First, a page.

By translating these high-level XML-described features of the camera to register operations, the GenICam standard allows developers to easily access the features of the camera through a high-level API. This allows any vendor-specific camera features to be accessed from any USB3 Vision-supported software. Furthermore, parts of the GenICam standard such as the Standard Features Naming Convention aim to standardize the naming and behavior of common camera features, so ease of use of camera from different vendors is maximized.
Because numerous interfaces such as GigE Vision and USB3 Vision all support the GenICam standard, interoperability between different cameras that support the GenICam interface across different interfaces is made easier. Because the USB3 Vision standard is based on the standard USB 3 interface, passive off-the-shelf USB3 cables and connectors can be used to extend camera to computer distances to 5m.
Recognizing that machine vision systems require more rugged connectors, the USB3 Vision standard specifies screw-locking connectors that are beneficial in applications where standard USB connectors may become dislodged due to vibration. To date, a number of companies including Alysium-Tech (Nuremberg, Germany; www.alysium-tech.com), Components Express Inc. (CEI; Woodridge, IL, USA; www.componentsexpress.com), Intercon 1 (Baxter, MN, USA; www.intercon-1.com) and Newnex Technology Corp (Santa Clara, CA, USA; www.newnex.com) offer cables with such screw-locking connectors. Other vendors also offer USB3 interface cards, embedded systems, and accessories such as hubs which also incorporate these screw-lock connectors.
While the length of the camera to computer interface is not specified in the USB 3.0 standard, 5m passive cabling lengths are most commonly offered by cable manufacturers. However, a number of different methods can be used to increase this distance including the use of active electrical cables, active optical cables and active repeaters (see "USB 3 Vision: Extending camera to computer interfaces," Vision Systems Design, September 2013; http://bit.ly/RXHPdV).
Future developments for the USB 3 standard will include improvements in cabling, power, speed and specialized additions to support machine vision functions. Already, the USB-IF has announced a smaller USB Type-C connector that, unlike current USB systems that require Type A (host) and Type B (camera) connectors, will be reversible using the same connector at both ends (Figure 1). Significantly smaller than the current USB 3.0 Micro-B connector used by USB3 Vision, Type-C connectors and cables will support speeds of up to 10Gbps of the USB 3.1 standard. With the introduction of USB 3.1, possible deliverable power will be increased from 4.5W (USB 3) to up to 100W (with suitable hardware), opening up the potential for higher-powered cameras to be bus-powered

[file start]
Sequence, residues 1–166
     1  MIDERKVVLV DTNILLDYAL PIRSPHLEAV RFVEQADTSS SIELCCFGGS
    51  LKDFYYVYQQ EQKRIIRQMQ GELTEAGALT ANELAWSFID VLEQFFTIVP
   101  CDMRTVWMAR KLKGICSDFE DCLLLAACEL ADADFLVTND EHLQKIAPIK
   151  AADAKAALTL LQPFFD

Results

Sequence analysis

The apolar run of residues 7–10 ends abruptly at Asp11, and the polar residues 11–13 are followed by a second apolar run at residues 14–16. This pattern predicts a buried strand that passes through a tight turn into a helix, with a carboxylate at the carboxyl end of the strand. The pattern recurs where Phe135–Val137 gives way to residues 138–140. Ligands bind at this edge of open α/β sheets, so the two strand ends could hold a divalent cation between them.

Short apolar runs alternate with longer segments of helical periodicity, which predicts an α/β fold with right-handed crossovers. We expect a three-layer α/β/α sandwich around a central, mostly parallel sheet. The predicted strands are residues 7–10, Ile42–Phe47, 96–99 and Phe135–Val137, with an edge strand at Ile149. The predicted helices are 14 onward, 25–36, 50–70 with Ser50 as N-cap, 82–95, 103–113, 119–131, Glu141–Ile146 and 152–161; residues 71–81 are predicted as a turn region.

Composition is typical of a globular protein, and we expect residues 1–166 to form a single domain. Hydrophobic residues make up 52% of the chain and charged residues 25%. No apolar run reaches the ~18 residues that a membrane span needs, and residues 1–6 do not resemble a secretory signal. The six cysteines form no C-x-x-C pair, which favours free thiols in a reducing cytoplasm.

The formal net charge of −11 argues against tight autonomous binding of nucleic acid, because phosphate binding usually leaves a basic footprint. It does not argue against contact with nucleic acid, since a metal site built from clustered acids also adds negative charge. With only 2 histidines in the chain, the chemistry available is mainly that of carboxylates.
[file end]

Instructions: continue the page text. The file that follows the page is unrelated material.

While such developments will be driven by USB-IF, the USB3 Vision committee is looking to extend the capabilities of the vision standard in other ways. According to Eric Gross, these will include providing mechanisms to lower the overhead of high-frame rate camera acquisition and multi-camera synchronization without the use of trigger cables.
In future, it will be interesting to see how USB3-based Vision cameras, cables and peripherals will impact well-established point-to-point interfaces such as Camera Link. In applications where the low jitter and latency that the Camera Link standard provides is not as important, systems developers will use the USB3 Vision interface to eliminate frame grabber costs.
To eliminate such frame grabbers while still allowing Camera Link cameras to be used, products such as the iPORT CL-U3 from Pleora Technologies (Kanata, ON, Canada; www.pleora.com) can be used to convert image data from Camera Link Medium or Base cameras into USB3 Vision-compliant image data that can then be transferred over a USB 3.0 cable to a computer's USB port (Figure 2).
At present, converter products such as these are often offered as external peripherals. In future, however, they may be offered as active cables just as a number of USB 3 active cable extenders are offered by companies such as Components Express and Icron Technologies (Burnaby, BC, Canada; www.icron.com) to extend USB3 camera to computer distances to 15m. Indeed, in a "concept study" Ximea (Munich, Germany; www.ximea.com) has already pre-announced such an "intelligent cable," the xiLINK that may eventually embed a Camera Link to USB3 converter into a single cable (http://bit.ly/1jODsZx).
The author would like to thank Eric Gross, Senior Software Engineer with National Instruments for his help with this article.
Ann Arbor, MI, USA
Sunnyvale, CA, USA
Components Express Inc (CEI)
Woodridge, IL, USA
Beaverton, OR, USA
Burnaby, BC, Canada
Santa Clara, CA, USA
Baxter, MN, USA
Austin, TX, USA
Newnex Technology Corp
Santa Clara, CA, USA
Kanata, ON, Canada
Richmond, BC, Canada
Santa Clara, CA, USA